It´s important to understand this clash because it is one of the reasons why filmscores fail to sound as well as many classical recordings. Yes, I know, a score is not classical music. Many people actually get this wrong; while filmmusic may use one instrument of the classical repertoire (an orchestra) it still doesn´t belong to that genre. Filmmusic also uses many different styles ranging from romanticism, baroque, post modernism, serialism, pop, jazz etc. and it must do so because it has to be recognizable and not too challenging so that the audience can still get the message. So, because filmmusic isn´t regarded as pure art and is created mainly for enhancing the commercialized dramatic narrative (the movie) and also because it is sometimes produced with limited amounts of time and money it can sound horrible as a result. I can only imagine what this means to the engineer responsible for the sound of the score: immense stress. Regarding that it´s no wonder that filmscores rarely sound perfect - still most of them sound decent; not very good but good enough for daily enjoyment. A proof to the talent of most of the engineers having to work under stressful, ever changing and demanding situations where money and time are on short supply. Some examples are so awful however that I´ll start my last two lists with the worst sounding scores of all time, it´ll be fun, I promise you. Oh, and score fans? Gimme a break, you may not like what you´re going to read but as I´ve written in all the other articles: this is just my personal opinion, nothing more.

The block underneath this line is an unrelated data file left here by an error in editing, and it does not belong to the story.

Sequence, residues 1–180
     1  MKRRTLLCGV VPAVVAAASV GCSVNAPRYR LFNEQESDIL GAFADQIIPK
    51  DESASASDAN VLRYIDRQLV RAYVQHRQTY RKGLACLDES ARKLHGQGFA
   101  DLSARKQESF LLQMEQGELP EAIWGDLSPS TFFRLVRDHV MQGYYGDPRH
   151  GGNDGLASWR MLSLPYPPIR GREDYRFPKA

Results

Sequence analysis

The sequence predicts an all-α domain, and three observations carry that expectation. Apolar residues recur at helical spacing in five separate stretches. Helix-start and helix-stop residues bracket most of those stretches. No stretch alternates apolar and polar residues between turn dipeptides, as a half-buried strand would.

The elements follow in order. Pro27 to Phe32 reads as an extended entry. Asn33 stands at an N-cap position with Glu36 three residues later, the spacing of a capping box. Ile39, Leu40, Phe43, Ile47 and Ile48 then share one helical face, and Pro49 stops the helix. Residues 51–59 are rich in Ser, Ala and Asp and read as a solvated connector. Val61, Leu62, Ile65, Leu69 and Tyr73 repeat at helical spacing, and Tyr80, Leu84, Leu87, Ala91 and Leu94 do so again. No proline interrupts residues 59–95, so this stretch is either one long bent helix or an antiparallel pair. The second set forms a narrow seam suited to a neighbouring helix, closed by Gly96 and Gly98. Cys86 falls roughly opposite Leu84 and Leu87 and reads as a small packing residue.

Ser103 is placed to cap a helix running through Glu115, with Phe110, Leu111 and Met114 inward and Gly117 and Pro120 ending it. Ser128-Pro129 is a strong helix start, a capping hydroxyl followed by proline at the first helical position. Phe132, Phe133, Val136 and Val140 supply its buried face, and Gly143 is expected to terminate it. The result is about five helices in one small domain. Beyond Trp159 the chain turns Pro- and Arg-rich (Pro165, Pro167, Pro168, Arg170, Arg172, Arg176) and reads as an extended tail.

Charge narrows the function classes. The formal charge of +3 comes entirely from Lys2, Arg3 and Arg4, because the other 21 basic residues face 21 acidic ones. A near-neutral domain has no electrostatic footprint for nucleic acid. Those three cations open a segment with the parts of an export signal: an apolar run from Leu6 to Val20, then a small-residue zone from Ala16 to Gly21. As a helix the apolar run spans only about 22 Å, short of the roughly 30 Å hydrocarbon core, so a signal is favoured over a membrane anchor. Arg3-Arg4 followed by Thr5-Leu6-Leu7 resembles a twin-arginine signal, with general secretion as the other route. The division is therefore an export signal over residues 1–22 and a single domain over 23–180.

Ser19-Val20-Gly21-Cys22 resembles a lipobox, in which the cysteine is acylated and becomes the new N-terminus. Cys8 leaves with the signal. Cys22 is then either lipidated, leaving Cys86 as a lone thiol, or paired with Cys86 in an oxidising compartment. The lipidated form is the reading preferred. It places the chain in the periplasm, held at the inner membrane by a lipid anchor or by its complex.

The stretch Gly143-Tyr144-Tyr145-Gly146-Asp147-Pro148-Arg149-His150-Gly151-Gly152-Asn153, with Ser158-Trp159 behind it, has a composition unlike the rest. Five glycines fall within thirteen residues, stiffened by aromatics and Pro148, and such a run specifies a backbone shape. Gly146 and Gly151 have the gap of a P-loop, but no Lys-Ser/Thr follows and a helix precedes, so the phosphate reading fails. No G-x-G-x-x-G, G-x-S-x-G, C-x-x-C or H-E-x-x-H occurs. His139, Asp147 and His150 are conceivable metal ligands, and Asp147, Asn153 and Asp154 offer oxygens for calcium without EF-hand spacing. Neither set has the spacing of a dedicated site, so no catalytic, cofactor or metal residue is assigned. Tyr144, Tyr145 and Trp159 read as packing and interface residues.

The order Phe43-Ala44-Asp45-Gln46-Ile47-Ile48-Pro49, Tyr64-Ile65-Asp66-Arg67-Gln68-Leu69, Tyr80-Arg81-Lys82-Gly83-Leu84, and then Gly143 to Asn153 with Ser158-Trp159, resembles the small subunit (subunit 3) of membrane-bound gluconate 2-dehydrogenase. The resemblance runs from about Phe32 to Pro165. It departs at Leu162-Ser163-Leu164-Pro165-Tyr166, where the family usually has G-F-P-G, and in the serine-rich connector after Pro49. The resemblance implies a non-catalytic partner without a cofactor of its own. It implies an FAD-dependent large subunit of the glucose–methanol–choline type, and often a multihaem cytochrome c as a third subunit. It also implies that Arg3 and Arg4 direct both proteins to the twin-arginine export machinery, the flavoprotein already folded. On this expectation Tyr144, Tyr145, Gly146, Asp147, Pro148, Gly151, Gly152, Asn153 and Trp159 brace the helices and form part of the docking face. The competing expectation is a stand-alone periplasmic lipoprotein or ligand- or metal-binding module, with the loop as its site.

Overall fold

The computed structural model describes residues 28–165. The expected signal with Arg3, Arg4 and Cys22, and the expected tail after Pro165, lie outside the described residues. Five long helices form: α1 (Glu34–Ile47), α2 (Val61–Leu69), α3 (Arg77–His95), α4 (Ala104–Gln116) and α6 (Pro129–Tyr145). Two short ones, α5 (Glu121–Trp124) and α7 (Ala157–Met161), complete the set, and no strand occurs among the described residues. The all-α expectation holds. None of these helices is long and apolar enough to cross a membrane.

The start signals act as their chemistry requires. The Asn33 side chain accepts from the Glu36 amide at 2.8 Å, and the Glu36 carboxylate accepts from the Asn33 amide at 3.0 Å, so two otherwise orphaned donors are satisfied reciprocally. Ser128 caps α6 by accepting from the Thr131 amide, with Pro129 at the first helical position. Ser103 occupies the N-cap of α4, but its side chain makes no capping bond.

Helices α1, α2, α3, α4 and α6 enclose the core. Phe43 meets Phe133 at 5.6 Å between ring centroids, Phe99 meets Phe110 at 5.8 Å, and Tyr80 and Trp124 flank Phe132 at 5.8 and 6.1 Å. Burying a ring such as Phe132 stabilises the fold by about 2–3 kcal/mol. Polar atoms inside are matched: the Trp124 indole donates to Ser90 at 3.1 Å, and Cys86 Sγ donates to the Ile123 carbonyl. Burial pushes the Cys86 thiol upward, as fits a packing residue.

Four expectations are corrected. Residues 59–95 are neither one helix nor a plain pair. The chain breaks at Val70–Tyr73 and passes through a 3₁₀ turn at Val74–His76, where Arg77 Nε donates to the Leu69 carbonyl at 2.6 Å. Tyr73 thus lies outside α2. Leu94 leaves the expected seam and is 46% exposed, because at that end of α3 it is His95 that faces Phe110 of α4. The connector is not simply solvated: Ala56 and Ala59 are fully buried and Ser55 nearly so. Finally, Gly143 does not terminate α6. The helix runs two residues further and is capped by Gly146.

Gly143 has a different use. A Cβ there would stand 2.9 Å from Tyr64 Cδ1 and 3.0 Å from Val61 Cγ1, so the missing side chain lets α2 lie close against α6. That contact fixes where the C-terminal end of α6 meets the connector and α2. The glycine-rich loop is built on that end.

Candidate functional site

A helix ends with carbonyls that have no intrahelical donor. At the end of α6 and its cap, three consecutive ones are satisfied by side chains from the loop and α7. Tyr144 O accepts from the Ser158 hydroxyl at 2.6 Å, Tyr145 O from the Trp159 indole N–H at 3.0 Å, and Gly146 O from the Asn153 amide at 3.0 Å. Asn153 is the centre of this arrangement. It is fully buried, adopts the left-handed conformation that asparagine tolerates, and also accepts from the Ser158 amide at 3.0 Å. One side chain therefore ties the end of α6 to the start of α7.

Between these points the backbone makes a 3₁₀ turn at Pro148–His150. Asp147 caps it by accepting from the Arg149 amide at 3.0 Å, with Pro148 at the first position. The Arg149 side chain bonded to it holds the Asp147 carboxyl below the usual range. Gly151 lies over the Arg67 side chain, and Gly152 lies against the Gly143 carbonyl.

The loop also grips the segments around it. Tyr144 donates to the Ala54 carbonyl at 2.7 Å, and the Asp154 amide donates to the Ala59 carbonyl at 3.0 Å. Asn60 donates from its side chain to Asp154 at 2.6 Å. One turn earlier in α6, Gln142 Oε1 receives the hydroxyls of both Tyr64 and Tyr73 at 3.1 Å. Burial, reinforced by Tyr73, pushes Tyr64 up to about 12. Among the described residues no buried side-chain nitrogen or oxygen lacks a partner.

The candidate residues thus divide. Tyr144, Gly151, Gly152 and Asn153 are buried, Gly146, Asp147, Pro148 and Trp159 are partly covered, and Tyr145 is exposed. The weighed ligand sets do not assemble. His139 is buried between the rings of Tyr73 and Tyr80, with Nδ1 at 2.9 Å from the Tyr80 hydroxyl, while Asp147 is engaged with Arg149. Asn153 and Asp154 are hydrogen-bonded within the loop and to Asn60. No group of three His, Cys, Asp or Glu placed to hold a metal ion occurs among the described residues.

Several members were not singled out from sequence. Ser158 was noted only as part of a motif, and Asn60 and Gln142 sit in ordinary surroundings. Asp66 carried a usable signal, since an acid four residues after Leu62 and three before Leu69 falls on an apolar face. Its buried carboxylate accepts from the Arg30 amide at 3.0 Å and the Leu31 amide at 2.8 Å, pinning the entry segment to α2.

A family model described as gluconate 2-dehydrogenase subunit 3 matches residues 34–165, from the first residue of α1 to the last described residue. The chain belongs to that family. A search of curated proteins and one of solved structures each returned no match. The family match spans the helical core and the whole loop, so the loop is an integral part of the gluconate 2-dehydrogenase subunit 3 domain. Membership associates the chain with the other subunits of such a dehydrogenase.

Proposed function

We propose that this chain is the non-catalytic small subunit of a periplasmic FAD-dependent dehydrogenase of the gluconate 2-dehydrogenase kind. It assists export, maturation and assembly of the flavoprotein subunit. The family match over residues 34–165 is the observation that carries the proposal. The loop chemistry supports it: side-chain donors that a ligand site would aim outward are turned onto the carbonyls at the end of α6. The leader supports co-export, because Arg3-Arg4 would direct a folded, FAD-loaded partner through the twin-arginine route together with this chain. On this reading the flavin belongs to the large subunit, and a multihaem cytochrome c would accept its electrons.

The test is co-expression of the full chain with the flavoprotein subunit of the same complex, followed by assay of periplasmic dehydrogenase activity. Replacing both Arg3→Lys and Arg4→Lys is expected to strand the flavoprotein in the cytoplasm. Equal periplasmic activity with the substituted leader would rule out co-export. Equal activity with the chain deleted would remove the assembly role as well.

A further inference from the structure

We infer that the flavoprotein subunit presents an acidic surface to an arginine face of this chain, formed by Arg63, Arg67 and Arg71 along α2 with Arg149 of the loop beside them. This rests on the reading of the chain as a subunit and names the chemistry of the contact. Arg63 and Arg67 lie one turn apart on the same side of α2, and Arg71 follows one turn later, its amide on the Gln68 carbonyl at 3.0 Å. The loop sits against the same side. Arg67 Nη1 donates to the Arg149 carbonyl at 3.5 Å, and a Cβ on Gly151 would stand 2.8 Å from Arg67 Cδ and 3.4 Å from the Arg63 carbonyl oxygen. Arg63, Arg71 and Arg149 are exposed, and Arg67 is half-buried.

I´ll start my list with a score by celebrated, multiple Academy Award winner John Williams. He did most of the movies of Steven Spielberg and George Lucas, he probably is the most successful score composer of all time, even "normal" people celebrate him (not only nerds like me). His score to "The Empire strikes back" has been a constant challenge for fans during the last 30 years or so. When it was first released it wasn´t complete (a score rarely is), when it was released in complete form by RCA Records in 1997 it sounded just awful. The latter version is the one you can see above and - by God - it´s one of the most hideous examples of sound ever preserved on CD. To make this release possible several different sources had to be used, sometimes they were in a very bad condition because of improper storage and sometimes they were mixed awkwardly. Several tracks were subsequently remixed by a person who obviously never mixed an orchestral recording before or didn´t have the correct information of how to place certain instruments with the result that some instruments of the orchestra are changing their place during the CDs' runtime. Even worse is that the original sound balance by engineer Eric Tomlinson was lost, resulting in a harsh, distorted, flat and compact sounding experience. It comes close to the sound of fingernails on a blackboard: deep bass is absent, highest frequencies responsible for "air" are nonexistent and the rest inbetween is either too loud, constricted or distorted. Until an improved version is to be released sometime in the future this release has to be avoided by all means. Believe me, I have tried to "remaster" it for myself but I´ve failed miserably two times, it simply cannot be done. Oh, and the 2004 Sony re-release is the same (despite the moniker "DSD remastered" on its back cover).